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Inter-organisational Relationships in a Cross-Culture Supply Chain Context: International Travelling Exhibitions

Alejandra Efrón

Inter-organisational and interpersonal relationships are regarded as one of the most complex components of managing effective supply chains. Globally, this complexity is augmented by the negotiation of these relationships within a linguistically and attitudinally diverse cross-cultural context. Analysis of the cross-cultural factors underpinning inter-organisational relationships, and their interrelationship, is required to understand their impact upon the efficiency of the global supply chains.

Through a critique of the supply chain management (SCM) approaches to inter-organisational relationships, this thesis proposes and models the cross-cultural supply chain, conceptualised as the intersection of the global SCM and an inter-organisational relationship network. This network is understood as an intangible interconnected system where social, organisational and political factors dynamically interact. The cross-cultural supply chain model is based on two propositions. The first proposition is that while operational and strategic software systems are employed to increase efficiency in operations and decision-making, the psychological distances of social, organisational and political issues remain. The second proposition is that while relationships between organisations are explicit, an underlying dynamic exists in the interaction between one agent's characteristics and the perceived attributes of the other, ultimately influencing the inter-organisational relationship.

This thesis focuses on the elementary interrelationship component (EIC), a core constituent of the cross-cultural supply chain. The EIC is formed through the interaction of diverse factors such as culture, communication, trust, brand, reputation, knowledge, politics and risk which combine to produce an integrated component property of each organisation which is only exposed through attributes. As a result of the heterogeneous reactions of decision makers from one organisation to the attributes of another organisation, different outcomes are generated. For example, 'reputation' is an attribute inherent to an organisation. In a negotiation process however the role this attribute plays varies according to the importance different decision makers from a second organisation confer to the attribute, given their personal characteristics (position within the organisation, nationality, level of education). While important in a stable context, the interaction of that particular attribute with the agent's personal characteristics acquires further significance when a contextual change occurs since agents' reaction will unconsciously depend on their proprietarial mindset.

Museums involved in negotiating international travelling exhibitions are employed in the thesis as a case to empirically test the proposed dual propositions of the cross-cultural supply chain model. The international travelling exhibition is modelled as a global SC, where all material and information flows are managed from the conception of the exhibition, through to the works' return to the lending museum. In the past five years, cultural organisations such as universities and museums have been subject to continuous pressure to perform, change and implement sustainable strategies currently used in for-profit organisations, in order to meet budgets and core goals while simultaneously providing value to their stakeholders. As they experience a reduction of governmental financial support, the challenge for these organisations is to achieve a tertium quid to deal with the conflicting priorities of competitive entrepreneurship, their core function and their social role.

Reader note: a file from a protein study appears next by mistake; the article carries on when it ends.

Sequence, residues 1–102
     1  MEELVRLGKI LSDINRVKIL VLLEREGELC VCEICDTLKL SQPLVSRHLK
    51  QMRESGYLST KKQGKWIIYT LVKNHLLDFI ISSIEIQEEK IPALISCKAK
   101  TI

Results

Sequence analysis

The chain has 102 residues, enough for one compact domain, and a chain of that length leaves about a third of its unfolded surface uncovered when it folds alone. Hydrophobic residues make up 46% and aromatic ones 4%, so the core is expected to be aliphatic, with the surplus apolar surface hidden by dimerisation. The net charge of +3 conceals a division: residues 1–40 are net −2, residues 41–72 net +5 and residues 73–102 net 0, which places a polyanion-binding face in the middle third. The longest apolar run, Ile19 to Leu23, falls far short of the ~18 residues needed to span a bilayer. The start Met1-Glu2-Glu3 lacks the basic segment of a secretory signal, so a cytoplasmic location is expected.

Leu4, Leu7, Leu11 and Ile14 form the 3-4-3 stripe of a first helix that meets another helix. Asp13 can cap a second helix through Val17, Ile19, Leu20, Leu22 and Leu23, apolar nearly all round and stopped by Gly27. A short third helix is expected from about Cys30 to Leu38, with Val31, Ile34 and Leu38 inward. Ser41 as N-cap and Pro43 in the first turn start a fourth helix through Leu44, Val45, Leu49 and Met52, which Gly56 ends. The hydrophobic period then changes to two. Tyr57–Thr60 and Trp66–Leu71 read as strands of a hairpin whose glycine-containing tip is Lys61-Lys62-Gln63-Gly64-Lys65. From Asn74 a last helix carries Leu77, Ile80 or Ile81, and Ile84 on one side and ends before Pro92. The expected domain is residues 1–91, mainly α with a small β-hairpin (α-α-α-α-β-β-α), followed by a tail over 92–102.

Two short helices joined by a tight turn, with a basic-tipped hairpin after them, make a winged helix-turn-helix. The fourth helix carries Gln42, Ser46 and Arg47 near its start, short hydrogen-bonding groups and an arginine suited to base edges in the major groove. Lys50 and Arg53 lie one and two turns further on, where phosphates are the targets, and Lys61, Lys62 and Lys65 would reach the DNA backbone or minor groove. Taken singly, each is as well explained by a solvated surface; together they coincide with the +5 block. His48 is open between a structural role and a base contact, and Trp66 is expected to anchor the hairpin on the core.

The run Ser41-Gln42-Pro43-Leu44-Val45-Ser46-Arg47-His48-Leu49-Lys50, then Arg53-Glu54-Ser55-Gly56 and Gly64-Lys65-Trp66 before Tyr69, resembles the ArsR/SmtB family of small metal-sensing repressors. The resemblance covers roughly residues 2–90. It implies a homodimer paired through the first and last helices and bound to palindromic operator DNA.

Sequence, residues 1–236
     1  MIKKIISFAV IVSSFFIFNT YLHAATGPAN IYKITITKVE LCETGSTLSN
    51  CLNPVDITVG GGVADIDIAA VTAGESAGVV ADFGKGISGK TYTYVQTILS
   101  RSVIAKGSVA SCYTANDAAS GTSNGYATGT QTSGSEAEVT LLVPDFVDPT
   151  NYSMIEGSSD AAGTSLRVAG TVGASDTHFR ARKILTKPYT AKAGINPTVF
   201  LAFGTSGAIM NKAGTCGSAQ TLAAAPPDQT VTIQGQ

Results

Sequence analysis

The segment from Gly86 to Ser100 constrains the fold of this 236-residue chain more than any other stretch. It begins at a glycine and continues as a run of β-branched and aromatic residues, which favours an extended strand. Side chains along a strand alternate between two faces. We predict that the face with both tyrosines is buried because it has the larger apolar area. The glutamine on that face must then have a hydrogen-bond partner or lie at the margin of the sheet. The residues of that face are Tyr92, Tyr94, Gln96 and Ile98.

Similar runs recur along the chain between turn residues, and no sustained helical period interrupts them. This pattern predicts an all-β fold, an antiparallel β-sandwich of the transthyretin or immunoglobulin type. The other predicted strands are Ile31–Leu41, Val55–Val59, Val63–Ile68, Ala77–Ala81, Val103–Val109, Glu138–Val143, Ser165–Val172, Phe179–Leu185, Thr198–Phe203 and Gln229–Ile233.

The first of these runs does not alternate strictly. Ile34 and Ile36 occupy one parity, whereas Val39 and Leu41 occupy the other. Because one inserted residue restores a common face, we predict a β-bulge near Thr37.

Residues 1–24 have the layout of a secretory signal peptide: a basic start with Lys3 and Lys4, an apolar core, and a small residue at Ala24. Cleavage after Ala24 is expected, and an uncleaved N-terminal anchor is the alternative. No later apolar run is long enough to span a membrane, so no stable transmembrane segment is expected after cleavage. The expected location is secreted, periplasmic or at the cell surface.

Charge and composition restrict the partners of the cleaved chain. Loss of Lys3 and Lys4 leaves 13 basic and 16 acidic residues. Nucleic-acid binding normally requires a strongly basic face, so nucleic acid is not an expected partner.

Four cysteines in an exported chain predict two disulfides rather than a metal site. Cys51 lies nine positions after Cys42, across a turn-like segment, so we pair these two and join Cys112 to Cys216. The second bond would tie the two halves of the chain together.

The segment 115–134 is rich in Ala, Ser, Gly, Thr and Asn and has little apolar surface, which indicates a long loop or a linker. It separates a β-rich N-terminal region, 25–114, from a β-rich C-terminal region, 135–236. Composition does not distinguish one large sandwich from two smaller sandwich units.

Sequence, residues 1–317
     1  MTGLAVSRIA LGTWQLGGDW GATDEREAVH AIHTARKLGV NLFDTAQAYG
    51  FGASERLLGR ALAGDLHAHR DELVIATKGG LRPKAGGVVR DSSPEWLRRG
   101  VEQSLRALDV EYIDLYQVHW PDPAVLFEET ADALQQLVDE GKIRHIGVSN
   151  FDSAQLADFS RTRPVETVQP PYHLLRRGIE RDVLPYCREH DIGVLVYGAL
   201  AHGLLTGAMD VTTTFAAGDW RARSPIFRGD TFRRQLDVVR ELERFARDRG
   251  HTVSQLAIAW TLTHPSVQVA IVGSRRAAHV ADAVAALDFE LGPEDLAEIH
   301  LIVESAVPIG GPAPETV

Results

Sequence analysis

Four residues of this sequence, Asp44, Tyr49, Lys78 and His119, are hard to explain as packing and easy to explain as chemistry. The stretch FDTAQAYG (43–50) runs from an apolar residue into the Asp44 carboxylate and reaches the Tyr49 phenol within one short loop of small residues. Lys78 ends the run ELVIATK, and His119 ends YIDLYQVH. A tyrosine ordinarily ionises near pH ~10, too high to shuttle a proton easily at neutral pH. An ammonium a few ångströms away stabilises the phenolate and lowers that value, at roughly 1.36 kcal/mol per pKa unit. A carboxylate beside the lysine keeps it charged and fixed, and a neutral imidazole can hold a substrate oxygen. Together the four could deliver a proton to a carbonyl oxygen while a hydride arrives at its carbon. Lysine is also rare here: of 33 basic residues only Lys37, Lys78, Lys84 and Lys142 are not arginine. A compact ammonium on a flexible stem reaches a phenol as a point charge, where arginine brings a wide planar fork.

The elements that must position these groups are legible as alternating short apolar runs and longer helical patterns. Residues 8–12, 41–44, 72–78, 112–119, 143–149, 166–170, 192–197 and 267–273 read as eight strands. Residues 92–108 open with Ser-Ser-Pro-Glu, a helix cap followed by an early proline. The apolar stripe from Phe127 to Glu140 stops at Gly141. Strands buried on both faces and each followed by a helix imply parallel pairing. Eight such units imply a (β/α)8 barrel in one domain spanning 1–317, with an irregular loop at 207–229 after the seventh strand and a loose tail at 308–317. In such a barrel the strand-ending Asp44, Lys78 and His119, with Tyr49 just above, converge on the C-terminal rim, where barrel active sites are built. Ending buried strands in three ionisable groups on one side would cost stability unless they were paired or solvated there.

Stated choice methodology is employed to test the cross-cultural supply chain model as an explanation of individual choice behaviour. Twelve relevant attributes ascribed to museums involved in negotiating travelling exhibitions were defined in collaboration with museum professionals worldwide. The data was collected through a survey instrument distributed by e-mail to respondents in museums around the world. Two different models are estimated. First, a multinomial logit model is used to provide a robust model to initiate model specification. Secondly, a mixed logit model is estimated, providing more accurate behavioural information. 

Statistically significant influences on agent choices include not only the museum-specific attributes defined but also diverse variables where the attributes interact with the respondents' socio-demographic characteristics. The evidence suggests that significant relationships between the attributes of the institution with which an individual is negotiating (i.e., the potential partner) and the personal and organisational characteristics of this same individual do exist. These interactions are important in simple inter-organisational relationship agreements and gain even more significance in complex relationships such as international alliances and partnerships.

This thesis furthers the understanding of the role that decision makers' personal characteristics have in the development of inter-organisational relationships within the global SCM. The cross-cultural supply chain model developed in the thesis is applicable to all organisations, however, the detailed findings and conclusions are restricted in application to the type of organisation studied, where the majority of the decision makers are educated to postgraduate level and are highly cross culturally exposed.